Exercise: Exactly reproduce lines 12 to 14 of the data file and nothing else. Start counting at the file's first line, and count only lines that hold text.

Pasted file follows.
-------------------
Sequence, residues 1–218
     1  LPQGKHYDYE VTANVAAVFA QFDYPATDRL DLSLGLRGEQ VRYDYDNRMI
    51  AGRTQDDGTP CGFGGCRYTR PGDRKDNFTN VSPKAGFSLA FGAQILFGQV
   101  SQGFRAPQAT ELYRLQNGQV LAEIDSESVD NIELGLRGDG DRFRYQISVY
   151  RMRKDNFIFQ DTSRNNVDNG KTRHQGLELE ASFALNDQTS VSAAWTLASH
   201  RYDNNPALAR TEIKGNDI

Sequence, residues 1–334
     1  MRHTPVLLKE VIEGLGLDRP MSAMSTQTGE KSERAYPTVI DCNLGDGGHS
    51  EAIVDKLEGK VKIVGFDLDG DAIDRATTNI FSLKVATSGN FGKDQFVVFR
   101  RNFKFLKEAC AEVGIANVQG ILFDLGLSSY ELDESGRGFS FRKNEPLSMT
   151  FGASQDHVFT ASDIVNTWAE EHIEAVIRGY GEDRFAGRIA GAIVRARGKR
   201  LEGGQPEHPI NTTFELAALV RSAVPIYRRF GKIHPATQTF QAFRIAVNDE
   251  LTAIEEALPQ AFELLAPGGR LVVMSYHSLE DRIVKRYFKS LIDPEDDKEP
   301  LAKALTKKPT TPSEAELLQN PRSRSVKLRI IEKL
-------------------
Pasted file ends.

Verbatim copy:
   201  LEGGQPEHPI NTTFELAALV RSAVPIYRRF GKIHPATQTF QAFRIAVNDE
   251  LTAIEEALPQ AFELLAPGGR LVVMSYHSLE DRIVKRYFKS LIDPEDDKEP
   301  LAKALTKKPT TPSEAELLQN PRSRSVKLRI IEKL